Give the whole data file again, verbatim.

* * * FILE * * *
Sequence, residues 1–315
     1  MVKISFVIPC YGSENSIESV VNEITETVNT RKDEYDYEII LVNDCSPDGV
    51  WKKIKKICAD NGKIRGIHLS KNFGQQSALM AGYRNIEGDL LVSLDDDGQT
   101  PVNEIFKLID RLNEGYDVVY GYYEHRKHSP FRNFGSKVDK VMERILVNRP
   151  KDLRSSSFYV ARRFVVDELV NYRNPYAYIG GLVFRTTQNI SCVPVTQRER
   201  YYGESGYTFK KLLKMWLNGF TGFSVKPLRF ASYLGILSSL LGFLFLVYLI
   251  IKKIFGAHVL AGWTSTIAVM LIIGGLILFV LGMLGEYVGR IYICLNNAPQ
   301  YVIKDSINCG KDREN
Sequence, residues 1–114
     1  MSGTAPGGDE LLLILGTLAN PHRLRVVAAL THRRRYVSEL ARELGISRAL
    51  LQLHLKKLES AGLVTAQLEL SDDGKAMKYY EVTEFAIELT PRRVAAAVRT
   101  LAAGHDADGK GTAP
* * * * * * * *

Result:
Sequence, residues 1–315
     1  MVKISFVIPC YGSENSIESV VNEITETVNT RKDEYDYEII LVNDCSPDGV
    51  WKKIKKICAD NGKIRGIHLS KNFGQQSALM AGYRNIEGDL LVSLDDDGQT
   101  PVNEIFKLID RLNEGYDVVY GYYEHRKHSP FRNFGSKVDK VMERILVNRP
   151  KDLRSSSFYV ARRFVVDELV NYRNPYAYIG GLVFRTTQNI SCVPVTQRER
   201  YYGESGYTFK KLLKMWLNGF TGFSVKPLRF ASYLGILSSL LGFLFLVYLI
   251  IKKIFGAHVL AGWTSTIAVM LIIGGLILFV LGMLGEYVGR IYICLNNAPQ
   301  YVIKDSINCG KDREN
Sequence, residues 1–114
     1  MSGTAPGGDE LLLILGTLAN PHRLRVVAAL THRRRYVSEL ARELGISRAL
    51  LQLHLKKLES AGLVTAQLEL SDDGKAMKYY EVTEFAIELT PRRVAAAVRT
   101  LAAGHDADGK GTAP